Being diagnosed as having a mental illness can be both scary and a relief. While it’s great that you’re on the path to getting well again, telling people about your illness can cause anxiety and stress. Here’s how to work out who to tell, how to tell them, and how to deal with any anxiety you might feel.
This can help if:
- you’ve recently been diagnosed with a mental illness
- you’re worried about what people will think of you, and how they’ll treat you, once they know about your illness
- you want to share your diagnosis with someone you trust.
Mental illness and stigma
Unfortunately, there is still a lot of stigma surrounding mental illness and it’s possible that you’ll have to deal with it at some point. One in five Australians will receive a mental health diagnosis at some point in their lives, so most people will either experience this personally or know someone who has. The good news is that there’s been a lot of progress in mental health awareness and the stigma is fading.
Most people will be supportive and understanding, but others may be confused, ignorant or negative. Sometimes, it’s possible that the other person simply doesn’t have any experience or awareness. Choosing someone to have a conversation with who cares about you, and that you can trust, can help you to open up about what’s going on for you.
When faced with these situations, remember that your illness doesn’t define who you are, and it’s up to you how much information you want to share.
Being okay with your mental illness
Remember that just because you can’t physically see a mental illness, it doesn’t mean it’s not a real illness. Understanding your own feelings and being okay with your mental illness can help you be more confident about sharing the diagnosis with others without feeling fearful or ashamed.
Telling people about your diagnosis
Whether or not you tell someone about your mental illness is completely your choice. You don’t have to tell everyone you know (or anyone at all, for that matter), especially if you don’t feel comfortable talking about it.
But if you’re okay with talking about it with friends or family, sharing can:
- provide support and understanding from people you trust
- reduce the stigma around mental illness
- help you to come to terms with your mental health and encourage recovery
- show others that it’s okay to talk about mental health.
If and when you’re ready to tell others, remember these tips:
- Pick a day and a time when you’re feeling okay. Don’t force yourself to do it if you’re feeling vulnerable.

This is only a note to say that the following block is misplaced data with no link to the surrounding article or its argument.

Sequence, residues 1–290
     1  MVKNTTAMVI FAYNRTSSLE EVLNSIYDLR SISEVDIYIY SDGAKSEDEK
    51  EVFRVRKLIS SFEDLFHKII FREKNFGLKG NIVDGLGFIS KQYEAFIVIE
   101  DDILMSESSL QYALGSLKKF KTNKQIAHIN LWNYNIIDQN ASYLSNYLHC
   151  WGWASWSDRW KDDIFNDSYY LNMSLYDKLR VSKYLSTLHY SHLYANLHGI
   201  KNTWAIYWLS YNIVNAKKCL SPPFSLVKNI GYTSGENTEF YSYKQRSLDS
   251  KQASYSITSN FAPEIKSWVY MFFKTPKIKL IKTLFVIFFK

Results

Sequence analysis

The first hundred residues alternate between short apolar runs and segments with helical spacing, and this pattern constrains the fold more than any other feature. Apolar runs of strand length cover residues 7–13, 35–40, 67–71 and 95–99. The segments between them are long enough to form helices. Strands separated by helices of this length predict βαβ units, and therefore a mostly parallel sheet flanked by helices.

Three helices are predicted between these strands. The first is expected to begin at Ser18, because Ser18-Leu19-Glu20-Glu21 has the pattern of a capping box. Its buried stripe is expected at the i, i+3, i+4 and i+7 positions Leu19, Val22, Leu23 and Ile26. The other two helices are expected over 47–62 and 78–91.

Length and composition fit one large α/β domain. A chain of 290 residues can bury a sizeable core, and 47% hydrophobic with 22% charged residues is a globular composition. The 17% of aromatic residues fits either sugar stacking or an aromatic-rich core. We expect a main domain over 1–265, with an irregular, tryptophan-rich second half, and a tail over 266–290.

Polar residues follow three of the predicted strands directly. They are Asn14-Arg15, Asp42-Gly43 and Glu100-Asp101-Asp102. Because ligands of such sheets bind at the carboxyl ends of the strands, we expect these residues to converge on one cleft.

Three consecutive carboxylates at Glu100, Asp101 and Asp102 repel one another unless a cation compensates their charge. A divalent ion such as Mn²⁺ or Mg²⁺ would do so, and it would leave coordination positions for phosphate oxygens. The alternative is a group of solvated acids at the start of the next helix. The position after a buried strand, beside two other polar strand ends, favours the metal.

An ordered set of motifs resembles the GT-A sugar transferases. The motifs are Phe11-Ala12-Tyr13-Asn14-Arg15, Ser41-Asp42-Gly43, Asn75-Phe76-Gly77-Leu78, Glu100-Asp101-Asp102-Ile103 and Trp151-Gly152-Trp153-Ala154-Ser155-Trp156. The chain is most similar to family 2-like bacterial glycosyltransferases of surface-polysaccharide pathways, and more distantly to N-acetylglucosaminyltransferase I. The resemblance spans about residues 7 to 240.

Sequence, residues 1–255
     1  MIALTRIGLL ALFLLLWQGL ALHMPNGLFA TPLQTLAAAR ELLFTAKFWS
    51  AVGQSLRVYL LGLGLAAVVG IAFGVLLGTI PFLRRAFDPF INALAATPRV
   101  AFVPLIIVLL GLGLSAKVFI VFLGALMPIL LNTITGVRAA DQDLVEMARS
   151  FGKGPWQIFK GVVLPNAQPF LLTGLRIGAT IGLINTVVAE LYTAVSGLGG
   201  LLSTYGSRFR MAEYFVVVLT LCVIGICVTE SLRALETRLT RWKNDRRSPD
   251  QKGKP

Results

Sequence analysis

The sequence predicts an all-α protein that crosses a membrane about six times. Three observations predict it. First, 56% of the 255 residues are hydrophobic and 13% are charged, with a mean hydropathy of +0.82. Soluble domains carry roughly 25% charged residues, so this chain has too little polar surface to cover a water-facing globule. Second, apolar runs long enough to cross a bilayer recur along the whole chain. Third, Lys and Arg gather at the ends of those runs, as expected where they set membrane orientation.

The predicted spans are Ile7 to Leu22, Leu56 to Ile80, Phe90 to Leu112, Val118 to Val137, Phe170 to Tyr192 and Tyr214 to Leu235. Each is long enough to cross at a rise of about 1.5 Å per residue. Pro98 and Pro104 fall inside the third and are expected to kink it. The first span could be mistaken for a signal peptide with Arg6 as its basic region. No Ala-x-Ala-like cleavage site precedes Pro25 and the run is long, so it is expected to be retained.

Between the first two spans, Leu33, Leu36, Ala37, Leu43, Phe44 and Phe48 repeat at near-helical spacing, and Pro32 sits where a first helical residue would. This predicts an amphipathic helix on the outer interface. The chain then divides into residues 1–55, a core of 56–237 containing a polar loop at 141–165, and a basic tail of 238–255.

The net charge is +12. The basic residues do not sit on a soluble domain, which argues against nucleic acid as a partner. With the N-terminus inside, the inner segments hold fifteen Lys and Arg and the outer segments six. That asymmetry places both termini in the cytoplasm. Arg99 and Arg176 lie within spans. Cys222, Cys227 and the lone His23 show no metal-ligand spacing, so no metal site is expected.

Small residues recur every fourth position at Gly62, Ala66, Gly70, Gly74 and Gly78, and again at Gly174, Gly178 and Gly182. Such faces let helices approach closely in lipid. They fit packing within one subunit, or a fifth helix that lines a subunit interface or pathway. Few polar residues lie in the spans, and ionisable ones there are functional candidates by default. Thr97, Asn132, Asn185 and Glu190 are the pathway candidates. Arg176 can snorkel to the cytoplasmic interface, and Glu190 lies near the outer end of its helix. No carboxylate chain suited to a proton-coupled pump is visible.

- Tell the person as much or as little about it as you want. You’re not obligated to tell everyone everything.
- Rehearse the conversation in your head before you have it – even if it feels a bit strange!
- It may be important to tell your employer, in case you need to take time off, but you don’t have to. If you do, they’re required by law to keep this information confidential.
- With mental illness affecting one in five adults (or one in four young people), chances are that most people know someone who’s dealing with a similar issue.
Get some tips for having difficult conversations here.
What if others react badly?
Not everyone will understand, or know how to offer support for mental illness. If someone reacts negatively to news of your illness, you may choose to give them some space or to offer some more information. It’s not your job to teach others about your illness; but if they are open to learning more about your struggles, this could help break down the stigma for others.
Remember that it’s up to you to decide how much you want to share, and this might differ depending on who you’re speaking with and how close you are.
What if I can’t just escape the negative treatment?
You might find yourself in a situation where you can’t just walk away from the person or people who are reacting badly to the news of your mental illness – for example, if it’s your parents or other people you live with, schoolmates or people you work with. This might be after you tell them, or could be because they found out accidentally or without your consent.
How the other person reacts isn’t a reflection of you, and it’s not your fault if they aren’t as supportive as you hoped they’d be. In these scenarios, leaning on the people in your life who are supportive, and doing other things to take care of yourself, can make you feel more confident and better equipped to deal with those crappy moments.
What can I do now?
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